The Church is not so much a place of (or to) worship, but a community (literally God’s family on earth) whose existence is other than the society in which it is found. It is a community to enter rather than a religious place or group to visit; a family who share life rather than a group who share views.
It seems to me that systemic thinking has taken the responsibility of the individual to live Christ in a ‘pagan’ world and demanded that an organisational structure or system called ‘church’ take responsibility. Evangelism is a programme rather than a lifestyle, unity a series of meetings instead of the communal fellowship of saints.
Is the role of the church meant to influence politics, a secular education system or such things, or is it to be an alternative to that system? It would (or at least should) be a natural outcome for Christians working in government, politics or the education system to have an influence according to their standing, but is that the point of the church? We do have examples in Israel’s history of men and women of God who held high office in foreign nations such as Joseph, Daniel and Esther. Each influenced the power holders of those systems but they did not change them into secular versions of Israel.
While I am convinced of the purpose of men and women of God to influence society as salt and light and of the power of the Spirit to work through people to keep this world from its ultimate destruction until the appointed time, I think that the church – like Israel as a type of the church – needs to be an alternate community first. It should be a community devoted to Jesus Christ and to exist solely for the purpose of glorifying God.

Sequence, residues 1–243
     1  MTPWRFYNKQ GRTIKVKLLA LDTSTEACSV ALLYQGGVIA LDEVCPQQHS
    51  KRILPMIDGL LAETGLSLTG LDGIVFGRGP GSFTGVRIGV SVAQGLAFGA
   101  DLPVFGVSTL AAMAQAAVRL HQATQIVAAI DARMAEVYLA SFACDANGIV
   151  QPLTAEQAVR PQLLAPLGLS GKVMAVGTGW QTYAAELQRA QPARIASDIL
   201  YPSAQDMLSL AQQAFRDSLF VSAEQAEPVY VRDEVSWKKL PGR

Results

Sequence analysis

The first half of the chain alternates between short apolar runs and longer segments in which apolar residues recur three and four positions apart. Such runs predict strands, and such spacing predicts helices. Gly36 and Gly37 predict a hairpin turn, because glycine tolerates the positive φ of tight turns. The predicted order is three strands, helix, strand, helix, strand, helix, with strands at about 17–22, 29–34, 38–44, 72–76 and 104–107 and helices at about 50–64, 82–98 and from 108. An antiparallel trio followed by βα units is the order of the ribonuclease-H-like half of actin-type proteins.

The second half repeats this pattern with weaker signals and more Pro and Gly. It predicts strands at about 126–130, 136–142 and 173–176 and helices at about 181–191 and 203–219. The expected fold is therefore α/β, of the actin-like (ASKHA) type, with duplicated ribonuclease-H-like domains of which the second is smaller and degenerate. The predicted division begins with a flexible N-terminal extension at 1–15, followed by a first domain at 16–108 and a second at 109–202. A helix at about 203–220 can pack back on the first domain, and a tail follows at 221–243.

The church as a community exists, not for the benefit of the secular world in which it finds itself, but as a new creation family hidden in God with Jesus Christ; called to reveal the wisdom of God to principalities and powers in spiritual realms.
Eph 3:10-11 His intent was that now, through the church, the manifold wisdom of God should be made known to the rulers and authorities in the heavenly realms, according to his eternal purpose which he accomplished in Christ Jesus our Lord. NIV
- Heb 11:13; 1Pt 1:1; 1:17; 2:11; Eph 2:12,19; Phil 3:20 ↩
- Matt 4:23; 24:14; Jn 3:3,5; Act 8:12; 19:8; 28:31; Rom 14:17; 1Cor 4:20; Col 1:13 ↩
- Rom 8:18-28 ↩
- 1Cor 15:24-28 ↩
- 1 Cor 6:19-20 ↩
- Eph 3:10-11 His intent was that now, through the church, the manifold wisdom of God should be made known to the rulers and authorities in the heavenly realms, according to his eternal purpose which he accomplished in Christ Jesus our Lord. NIV ↩
- NICNT the first epistle to the Corinthians Pg 151/2 ↩
- Obviously I do not intend to portray this as a definitive study but an anecdotal view ↩